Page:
Now, what has been the response from the Spelman community?
So the 80 student-athletes who were on campus at the time were disappointed, but at the same time half of them were graduating before the changes took place. The vast majority of students saw the benefit, and even after explaining what the thinking was, some of the athletes could say it made sense.
I’m pleased to say everyone is getting more active. If you come on campus in the spring we now have an annual 5K, and 700 students participated in the first one. The second one was this past spring and the number was even higher. It’s exciting to see that people are rallying around it, and we were able to raise $18 million to build a new facility. So our old gym, which was built in 1950, has been torn down and a new one is being constructed as we speak and when it opens in the spring of 2015 it will be a real magnet for student activity.
With all of the success that’s going on at Spelman, you have announced that you are retiring next year. Why now?
I would say why now because one, we had this big campaign which came to an end in June. So June 30, 2014 was the end of our very successful campaign. In the fall I will turn 60 years-old, and while you don’t have to retire when you’re 60, it’s a natural point of transition to maybe think about doing something else. We have a lot of momentum, and I like to say that being president is kind of like running a relay race. You take the baton from the person who came before you, you run with it as fast as you can to make as much progress as you can, and then you have to pass it to someone else. And if you’ve ever watched a relay race, one of the things you can say is that the relay runner speeds up before he or she passes the baton. So I wanted to pass the baton while I was still running pretty fast.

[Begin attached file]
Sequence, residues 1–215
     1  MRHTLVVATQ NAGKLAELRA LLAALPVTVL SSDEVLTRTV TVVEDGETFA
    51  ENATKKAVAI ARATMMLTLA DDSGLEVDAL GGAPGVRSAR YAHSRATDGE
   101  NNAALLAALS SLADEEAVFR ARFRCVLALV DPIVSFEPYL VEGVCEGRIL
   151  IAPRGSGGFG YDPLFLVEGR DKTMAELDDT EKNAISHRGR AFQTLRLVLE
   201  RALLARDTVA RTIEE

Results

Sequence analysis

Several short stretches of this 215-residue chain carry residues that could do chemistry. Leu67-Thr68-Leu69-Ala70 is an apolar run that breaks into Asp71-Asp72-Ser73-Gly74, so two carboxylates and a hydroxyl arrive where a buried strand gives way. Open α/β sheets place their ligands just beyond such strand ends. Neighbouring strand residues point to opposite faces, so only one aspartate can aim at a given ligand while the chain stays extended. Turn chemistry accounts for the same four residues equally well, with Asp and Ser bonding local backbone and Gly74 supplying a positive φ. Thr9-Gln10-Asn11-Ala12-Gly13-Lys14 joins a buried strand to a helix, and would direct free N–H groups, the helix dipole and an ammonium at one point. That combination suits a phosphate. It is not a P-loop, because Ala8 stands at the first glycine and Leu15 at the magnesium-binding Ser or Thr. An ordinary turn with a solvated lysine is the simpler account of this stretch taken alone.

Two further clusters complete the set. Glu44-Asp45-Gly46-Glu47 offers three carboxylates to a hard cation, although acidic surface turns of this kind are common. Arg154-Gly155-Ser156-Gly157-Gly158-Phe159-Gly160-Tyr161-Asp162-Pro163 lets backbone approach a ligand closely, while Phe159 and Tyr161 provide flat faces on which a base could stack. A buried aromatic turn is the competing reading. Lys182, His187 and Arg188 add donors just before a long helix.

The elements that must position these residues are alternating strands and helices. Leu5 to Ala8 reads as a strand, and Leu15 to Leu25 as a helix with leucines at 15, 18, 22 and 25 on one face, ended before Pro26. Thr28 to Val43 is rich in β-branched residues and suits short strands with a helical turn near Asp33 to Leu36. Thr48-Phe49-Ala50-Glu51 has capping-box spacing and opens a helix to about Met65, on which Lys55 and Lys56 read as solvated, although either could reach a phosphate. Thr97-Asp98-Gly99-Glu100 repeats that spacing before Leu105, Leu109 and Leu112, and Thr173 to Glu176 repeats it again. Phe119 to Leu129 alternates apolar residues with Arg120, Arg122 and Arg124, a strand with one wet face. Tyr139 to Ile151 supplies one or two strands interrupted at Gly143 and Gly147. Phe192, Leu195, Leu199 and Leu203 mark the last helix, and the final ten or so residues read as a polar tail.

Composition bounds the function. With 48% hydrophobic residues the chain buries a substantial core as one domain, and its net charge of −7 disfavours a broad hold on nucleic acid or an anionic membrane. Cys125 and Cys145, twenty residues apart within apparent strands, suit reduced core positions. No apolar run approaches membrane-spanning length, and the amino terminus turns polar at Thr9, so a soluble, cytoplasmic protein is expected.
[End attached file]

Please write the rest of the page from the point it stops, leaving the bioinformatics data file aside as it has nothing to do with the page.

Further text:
What leadership advice do you have for the person who will be following in your footsteps?
I have two things to say about that. One is, whenever I’m asked for advice I say listen to that small, still voice within because that will always give you great guidance. That has been my experience and I recommend that to anybody. But the other thing that I would say is run your own race. You know, it’s natural that the comparisons will be made. When I first came to Spelman I was sometimes compared to previous presidents, but at the end of the day all you can be is yourself. I’m quite sure the board of trustees will make a great choice, and whoever that person is will do it her own way.
What are your plans after Spelman?
I’m excited about the opportunity to return to my scholarship. I’ve written several books and my focus has been on race relations in the United States, the psychology of racism, we might say. I’m very interested in talking to young people of the 21st century. Think about this, if you were born in 2000, you will be 17 in 2017. You were 8 when President Obama was elected. What does it mean to you, whether you are of African descent, or you are white, or Asian, or Hispanic? What does it mean to have grown up in the age of Obama? I’m very interested in talking to young people about that.